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New charges filed in ongoing Montana 'dark money' cases

New charges filed in ongoing Montana 'dark money' cases

Jonathan Motl

Montana Commissioner of Political Practices Jonathan Motl.

HELENA – In his ongoing investigation of “dark money” spent by shadowy campaign groups, Montana’s political practices commissioner issued new findings Thursday, saying a state legislator from Helmville likely broke state law when he accepted help from such groups.

Commissioner Jonathan Motl also found that another legislative candidate and two of the groups probably broke state campaign laws during the 2010 primary election, setting up a possible showdown in state court over the charges.

“What this shows is that there was a widespread willingness to ignore our campaign practice laws,” Motl said of his investigation and the charges. “If laws are to be meaningful, there has to be enforcement when a violation occurs.”

Motl’s findings say Rep. Mike Miller, R-Helmville, and Republican candidate Ron Murray of Belgrade accepted campaign help in 2010 from corporations, which is illegal in Montana, and failed to report donations from the nonprofit corporations.

The nonprofit corporations are Western Tradition Partnership and its affiliates, conservative groups involved in the 2008, 2010 and 2012 elections in Montana.

They have provided mailing, printing and other campaign services for candidates and also prepared and distributed mailers and publications, usually attacking moderate Republicans and Democrats.

Miller, a three-term state lawmaker first elected in 2008, said he properly paid for any services his campaign got from the groups in 2010 and that no illegal coordination or contribution occurred.

“As I have said before, my campaign did not violate any of Montana’s campaign finance laws,” he said in an email.

Murray, who lost a Republican primary race in 2010 to Rep. Ted Washburn, R-Bozeman, said the Motl findings are “trumped-up charges” meant to discourage conservative candidates from running and mounting an effective campaign.

“It’s a very dirty and disgusting game of politics on behalf of the commissioner,” Murray said Thursday.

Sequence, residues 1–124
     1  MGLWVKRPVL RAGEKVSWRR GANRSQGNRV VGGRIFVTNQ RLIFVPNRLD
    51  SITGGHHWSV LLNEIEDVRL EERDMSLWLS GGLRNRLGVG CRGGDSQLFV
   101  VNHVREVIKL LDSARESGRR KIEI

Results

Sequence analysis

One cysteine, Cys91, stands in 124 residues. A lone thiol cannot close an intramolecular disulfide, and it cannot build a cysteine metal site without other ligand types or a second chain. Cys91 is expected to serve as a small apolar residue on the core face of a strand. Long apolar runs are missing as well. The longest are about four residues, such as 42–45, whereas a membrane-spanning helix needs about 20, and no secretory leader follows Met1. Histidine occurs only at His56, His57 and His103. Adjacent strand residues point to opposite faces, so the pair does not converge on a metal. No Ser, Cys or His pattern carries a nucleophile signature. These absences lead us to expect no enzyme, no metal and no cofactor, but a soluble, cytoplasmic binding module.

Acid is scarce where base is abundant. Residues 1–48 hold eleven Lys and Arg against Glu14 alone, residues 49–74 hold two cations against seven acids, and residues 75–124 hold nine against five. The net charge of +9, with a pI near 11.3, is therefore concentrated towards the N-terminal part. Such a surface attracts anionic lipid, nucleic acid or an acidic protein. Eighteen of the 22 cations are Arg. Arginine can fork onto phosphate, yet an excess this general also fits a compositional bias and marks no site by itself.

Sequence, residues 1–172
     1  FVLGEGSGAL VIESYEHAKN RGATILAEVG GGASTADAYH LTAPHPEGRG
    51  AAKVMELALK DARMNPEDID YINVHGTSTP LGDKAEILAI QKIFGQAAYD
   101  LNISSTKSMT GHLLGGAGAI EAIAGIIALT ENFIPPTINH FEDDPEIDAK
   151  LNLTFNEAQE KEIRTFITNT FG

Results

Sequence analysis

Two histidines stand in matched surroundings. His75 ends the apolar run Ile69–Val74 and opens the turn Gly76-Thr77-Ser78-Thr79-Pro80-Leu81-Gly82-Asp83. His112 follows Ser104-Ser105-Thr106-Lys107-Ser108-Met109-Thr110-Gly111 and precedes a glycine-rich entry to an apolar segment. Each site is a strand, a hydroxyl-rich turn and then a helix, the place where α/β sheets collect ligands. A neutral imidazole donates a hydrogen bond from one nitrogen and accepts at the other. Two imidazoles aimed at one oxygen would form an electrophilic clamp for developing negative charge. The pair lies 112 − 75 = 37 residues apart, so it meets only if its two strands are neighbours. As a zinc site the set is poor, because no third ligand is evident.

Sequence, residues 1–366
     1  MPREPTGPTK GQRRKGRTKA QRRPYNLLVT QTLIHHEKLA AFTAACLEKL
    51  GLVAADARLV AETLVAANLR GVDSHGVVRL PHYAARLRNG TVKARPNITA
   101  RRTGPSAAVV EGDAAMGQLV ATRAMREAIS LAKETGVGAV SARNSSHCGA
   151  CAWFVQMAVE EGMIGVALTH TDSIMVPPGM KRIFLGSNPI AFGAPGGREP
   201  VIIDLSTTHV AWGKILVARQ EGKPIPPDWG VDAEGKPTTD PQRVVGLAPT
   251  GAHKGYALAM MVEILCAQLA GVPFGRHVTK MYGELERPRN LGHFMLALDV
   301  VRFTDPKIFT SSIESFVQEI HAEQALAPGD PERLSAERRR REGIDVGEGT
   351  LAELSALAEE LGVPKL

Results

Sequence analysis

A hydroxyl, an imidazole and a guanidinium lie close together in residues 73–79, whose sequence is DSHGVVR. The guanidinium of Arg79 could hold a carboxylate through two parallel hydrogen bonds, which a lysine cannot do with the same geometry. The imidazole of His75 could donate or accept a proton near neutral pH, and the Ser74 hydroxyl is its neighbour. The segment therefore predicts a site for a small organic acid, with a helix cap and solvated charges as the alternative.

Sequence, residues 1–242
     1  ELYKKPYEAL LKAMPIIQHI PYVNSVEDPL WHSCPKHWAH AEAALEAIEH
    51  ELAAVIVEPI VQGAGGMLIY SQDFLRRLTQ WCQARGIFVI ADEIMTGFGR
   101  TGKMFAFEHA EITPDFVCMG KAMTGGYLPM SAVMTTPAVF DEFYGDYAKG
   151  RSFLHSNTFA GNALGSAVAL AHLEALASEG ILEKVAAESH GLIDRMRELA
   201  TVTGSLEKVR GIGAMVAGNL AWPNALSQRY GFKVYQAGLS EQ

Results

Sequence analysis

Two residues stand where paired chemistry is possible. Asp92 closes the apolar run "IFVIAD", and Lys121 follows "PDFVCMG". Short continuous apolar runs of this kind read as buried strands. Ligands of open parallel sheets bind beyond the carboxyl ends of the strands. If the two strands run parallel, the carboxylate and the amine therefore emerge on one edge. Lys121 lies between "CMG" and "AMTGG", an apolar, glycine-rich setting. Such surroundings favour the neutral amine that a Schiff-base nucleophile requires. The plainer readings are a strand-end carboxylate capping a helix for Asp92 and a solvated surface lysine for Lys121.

The targets of a commissioner’s findings can either reach a negotiated settlement with Motl’s office, or Motl can take the case to state court, where a district judge would decide whether violations occurred and decide the penalties.

The maximum penalty is a fine three times the amount of illegal contributions or, if the violator is an officeholder, removal from office.

Motl’s findings, filed Wednesday, are the latest development in his investigation of campaign-related spending by WTP and its affiliates.

In a series of decisions and actions beginning this fall, Motl has said the groups made illegal corporate contributions by aiding several legislative candidates in the 2010 election, and failed to report campaign-related expenditures.

WTP, which later changed its name to American Tradition Partnership, has refused to publicly report any campaign-related spending in Montana or list its financial supporters, prompting critics to label it a “dark money” group intent on using secret cash to influence elections.

Motl has said Montana law requires disclosure of campaign-related spending.

Motl said he plans further findings involving other candidates who were involved with WTP and its affiliates.

James Brown, a Helena attorney representing former state Rep. Dan Kennedy of Laurel, who was the target of an October finding, said Thursday that Motl is misinterpreting the law.

Brown said many of Motl’s finding are based on a faulty premise that candidates received more services from WTP than they paid for, and therefore accepted an illegal contribution.

However, Joe Dooling of Helena – the candidate defeated by Miller in the 2010 Republican primary – said Thursday he believes Miller willingly accepted and encouraged help from WTP without paying for it.

“It’s pretty apparent what he did,” said Dooling.

Missoulian State Bureau reporter Mike Dennison can be reached at 1-800-525-4920 or by email at

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